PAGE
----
For some people, a good book makes life better. It’s that excited feeling of discovery that usually hits somewhere around the first chapter – you’ve found a page turner, and you’re not going to stop until you’re finished. A good book means you get to step away from the computer, hang your feet over the edge of a chair, and lose yourself completely for as long as you can spare.
The only problem? Sometimes, it is finding the next book. We’ve already rounded up 28 books that will forever change how you see the world, eco fashion books we love and the best books for your home.
This list of our favorite tomes is compiled for the modern woman and those who admire her. Inspired by our friends at The Art of Manliness, check out the texts that helped to shape our lives and easy chairs.
The Awakening by Kate Chopin Kate Chopin’s 1899 masterpiece tells the tale of Edna Pontellier, a wealthy Creole woman lost in her own search for meaning. Chopin’s heroine who eschewed convention so disturbed critics that the novel was banished for decades, only to be revived during the modern feminist movement. Simply, it is exquisite.
Beloved by Toni Morrison Winner of the Pulitzer Prize for literature, Morrison’s classic looks at antebellum slavery, motherhood, and racism through a dense and complex web of subtle revelation. We follow the tale of Sethe, a former slave, who slowly gives up her horrifying past in a way that will stay with you for a long time.
The Handmaid’s Tale by Margaret Atwood In the Republic of Gilead, once the United States, the extreme right has massacred Congress and is in control. Women are unable to read, hold jobs, or even have their own name. You are a chaste Wife, a domestic Martha, or a Handmaid – and your sole purpose in life is to bear children you will hand over immediately after birth. Feminist nightmare? Definitely. A must-read? Absolutely.
Ines of My Soul by Isabele Allende As Bookmarks Magazine writes of this novel, “If Inés of My Soul isn’t among Isabel Allende’s best novels, it still tells a remarkable, ambitious, and heretofore untold story about one of the first female conquistadors of the New World. Allende finds so many surreal subplots in Inés’s own story that the author’s imagination, rather than magical realism, prevails in her attempt to recreate the 16th-century Americas.”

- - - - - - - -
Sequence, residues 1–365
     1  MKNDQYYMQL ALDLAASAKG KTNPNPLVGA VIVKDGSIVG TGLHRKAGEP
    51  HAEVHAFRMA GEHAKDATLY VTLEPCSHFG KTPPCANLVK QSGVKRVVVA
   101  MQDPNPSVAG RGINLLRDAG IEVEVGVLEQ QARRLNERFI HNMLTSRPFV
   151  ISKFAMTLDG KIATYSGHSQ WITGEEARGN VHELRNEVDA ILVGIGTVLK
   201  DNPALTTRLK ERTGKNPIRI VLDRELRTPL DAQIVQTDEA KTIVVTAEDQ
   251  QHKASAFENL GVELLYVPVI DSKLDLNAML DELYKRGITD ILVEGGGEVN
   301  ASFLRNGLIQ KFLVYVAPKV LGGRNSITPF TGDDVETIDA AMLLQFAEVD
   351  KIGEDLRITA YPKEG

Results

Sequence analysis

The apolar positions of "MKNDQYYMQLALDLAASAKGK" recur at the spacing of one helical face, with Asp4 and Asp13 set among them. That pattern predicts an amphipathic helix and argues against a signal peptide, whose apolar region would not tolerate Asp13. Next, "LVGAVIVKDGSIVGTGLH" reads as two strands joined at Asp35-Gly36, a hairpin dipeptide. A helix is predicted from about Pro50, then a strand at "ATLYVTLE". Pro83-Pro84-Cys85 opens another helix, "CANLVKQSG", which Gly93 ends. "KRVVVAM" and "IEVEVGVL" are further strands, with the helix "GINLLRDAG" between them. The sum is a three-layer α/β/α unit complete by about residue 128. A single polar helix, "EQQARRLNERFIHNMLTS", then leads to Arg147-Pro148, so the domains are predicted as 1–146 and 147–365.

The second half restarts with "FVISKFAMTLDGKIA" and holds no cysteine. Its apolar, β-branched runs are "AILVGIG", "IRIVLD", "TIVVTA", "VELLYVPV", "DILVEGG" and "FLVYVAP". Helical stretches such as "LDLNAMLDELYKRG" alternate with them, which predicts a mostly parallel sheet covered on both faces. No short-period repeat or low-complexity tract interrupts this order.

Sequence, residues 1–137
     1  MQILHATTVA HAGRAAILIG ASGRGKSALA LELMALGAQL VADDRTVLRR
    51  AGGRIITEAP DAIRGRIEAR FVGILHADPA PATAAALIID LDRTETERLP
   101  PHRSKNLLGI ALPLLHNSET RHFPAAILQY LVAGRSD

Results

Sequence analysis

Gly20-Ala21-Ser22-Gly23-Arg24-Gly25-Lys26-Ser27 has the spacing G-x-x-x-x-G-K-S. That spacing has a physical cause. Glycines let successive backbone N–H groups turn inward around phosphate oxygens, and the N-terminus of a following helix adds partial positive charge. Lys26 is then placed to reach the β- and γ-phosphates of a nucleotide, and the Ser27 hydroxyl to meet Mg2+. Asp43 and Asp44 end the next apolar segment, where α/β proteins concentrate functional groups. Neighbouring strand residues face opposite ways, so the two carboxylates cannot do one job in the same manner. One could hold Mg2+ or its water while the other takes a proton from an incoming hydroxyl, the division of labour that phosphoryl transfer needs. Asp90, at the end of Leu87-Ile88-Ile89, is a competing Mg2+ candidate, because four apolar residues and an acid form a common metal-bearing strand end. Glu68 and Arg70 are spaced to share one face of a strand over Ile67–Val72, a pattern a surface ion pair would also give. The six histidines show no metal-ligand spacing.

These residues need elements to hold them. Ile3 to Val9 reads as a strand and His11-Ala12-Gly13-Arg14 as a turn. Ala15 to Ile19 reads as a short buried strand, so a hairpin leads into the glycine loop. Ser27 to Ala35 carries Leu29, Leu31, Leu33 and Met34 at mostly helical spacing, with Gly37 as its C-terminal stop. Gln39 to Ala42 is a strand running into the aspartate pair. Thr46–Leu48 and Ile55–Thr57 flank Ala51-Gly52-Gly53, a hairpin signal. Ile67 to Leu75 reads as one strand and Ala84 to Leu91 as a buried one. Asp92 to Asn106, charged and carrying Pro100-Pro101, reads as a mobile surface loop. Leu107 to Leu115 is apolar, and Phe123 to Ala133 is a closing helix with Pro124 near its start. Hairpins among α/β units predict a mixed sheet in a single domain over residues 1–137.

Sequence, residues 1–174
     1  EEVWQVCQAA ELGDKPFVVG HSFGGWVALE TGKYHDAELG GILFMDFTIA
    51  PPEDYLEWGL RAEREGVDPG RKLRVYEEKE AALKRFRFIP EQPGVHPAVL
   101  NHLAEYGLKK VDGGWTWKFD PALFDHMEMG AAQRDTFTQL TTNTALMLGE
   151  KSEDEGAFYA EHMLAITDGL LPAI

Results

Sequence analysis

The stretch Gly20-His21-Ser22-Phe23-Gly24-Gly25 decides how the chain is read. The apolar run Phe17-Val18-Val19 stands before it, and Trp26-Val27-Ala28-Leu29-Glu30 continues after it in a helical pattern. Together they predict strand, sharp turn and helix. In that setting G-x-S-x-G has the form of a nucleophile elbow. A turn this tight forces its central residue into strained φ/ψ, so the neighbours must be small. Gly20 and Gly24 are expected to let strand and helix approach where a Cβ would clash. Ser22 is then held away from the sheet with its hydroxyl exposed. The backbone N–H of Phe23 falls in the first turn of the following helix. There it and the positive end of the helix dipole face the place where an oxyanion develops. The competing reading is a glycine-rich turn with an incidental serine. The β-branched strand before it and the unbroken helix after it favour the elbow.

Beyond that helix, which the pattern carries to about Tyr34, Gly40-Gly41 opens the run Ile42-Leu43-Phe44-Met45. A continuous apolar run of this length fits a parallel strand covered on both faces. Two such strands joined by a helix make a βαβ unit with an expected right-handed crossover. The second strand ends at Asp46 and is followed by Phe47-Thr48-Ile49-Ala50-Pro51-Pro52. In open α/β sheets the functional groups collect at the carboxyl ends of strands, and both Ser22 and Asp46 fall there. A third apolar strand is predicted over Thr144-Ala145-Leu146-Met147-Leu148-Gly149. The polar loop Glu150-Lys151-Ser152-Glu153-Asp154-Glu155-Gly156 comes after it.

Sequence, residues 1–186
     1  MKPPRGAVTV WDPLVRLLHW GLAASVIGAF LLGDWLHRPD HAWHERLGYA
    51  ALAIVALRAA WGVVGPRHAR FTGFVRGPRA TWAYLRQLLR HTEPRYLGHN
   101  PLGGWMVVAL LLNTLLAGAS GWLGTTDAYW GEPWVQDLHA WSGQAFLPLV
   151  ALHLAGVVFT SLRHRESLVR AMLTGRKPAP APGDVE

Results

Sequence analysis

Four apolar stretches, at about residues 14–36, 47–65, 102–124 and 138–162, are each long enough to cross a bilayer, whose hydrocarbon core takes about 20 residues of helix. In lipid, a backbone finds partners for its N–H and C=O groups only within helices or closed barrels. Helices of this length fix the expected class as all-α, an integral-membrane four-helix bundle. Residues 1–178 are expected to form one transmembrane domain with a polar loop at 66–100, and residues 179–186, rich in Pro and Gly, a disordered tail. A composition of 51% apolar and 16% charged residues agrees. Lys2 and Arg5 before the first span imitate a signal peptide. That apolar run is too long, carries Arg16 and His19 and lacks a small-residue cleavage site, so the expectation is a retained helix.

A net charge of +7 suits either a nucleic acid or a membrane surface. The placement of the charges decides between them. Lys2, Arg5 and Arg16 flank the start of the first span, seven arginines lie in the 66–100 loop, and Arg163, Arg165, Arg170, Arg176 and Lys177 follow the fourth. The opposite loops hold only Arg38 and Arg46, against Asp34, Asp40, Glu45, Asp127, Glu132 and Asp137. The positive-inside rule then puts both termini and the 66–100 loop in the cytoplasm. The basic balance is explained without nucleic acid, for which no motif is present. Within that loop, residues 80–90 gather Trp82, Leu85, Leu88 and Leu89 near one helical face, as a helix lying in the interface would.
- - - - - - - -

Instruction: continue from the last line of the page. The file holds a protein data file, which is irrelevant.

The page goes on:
Backlash: The Undeclared War Against American Women by Susan Faludi Faludi argues that women in the 1980s were the victim of a powerful backlash against the 1970s feminist movement. Publisher’s Weekly says “this eloquent, brilliantly argued book should be read by everyone concerned about gender equality.”
Slut! Growing Up Female with a Bad Reputation by Leora Tanenbaum Tanenbaum compiles a revealing look at slut-shaming through several first-person narratives, all detailing how 50 different women survived shaming in a world ripe with double standards. As one reviewer put it, “Her social critique is solid, but it’s the personal accounts of emotional abuse – and, thankfully, perseverance – that will thoroughly convince you that the current tolerance of slut bashing is simply unacceptable.”
Eat Pray Love: One Woman’s Search for Everything Across Italy, India and Indonesia by Elizabeth Gilbert Love her or hate her, Elizabeth Gilbert knows how to pull you in. At the age of 31, Gilbert swaps a husband and life in the suburbs for adventure and east in Italy and beyond. It’s a funny, relatable tale of a woman’s search for self-discovery. And the best part? No one has to die for it in the end.
Intercourse by Andrea Dworkin Germaine Greer called this “The most shocking book any feminist has yet written.” Dworkin looks at sexual intercourse as a tool of societal oppression and declares women are less able to “assert their humanity” because of the breaching of boundaries during the act of sex. It is alternately extremely controversial and absorbing.
Living My Life by Emma Goldman This one review says it all: “Forget all those New Left memoirs: for readers who want to know what it is to be a revolutionary in America, this is the book to read. At the turn of the 20th century, Emma Goldman (1869-1940) was probably the most hated woman in her adopted country. (She emigrated from Russia at age 17.) It was bad enough that she was an anarchist, accused of complicity in the 1901 assassination of President McKinley. But her vehement espousal of women’s rights, including birth control, really enraged upright citizens.” And then there’s more…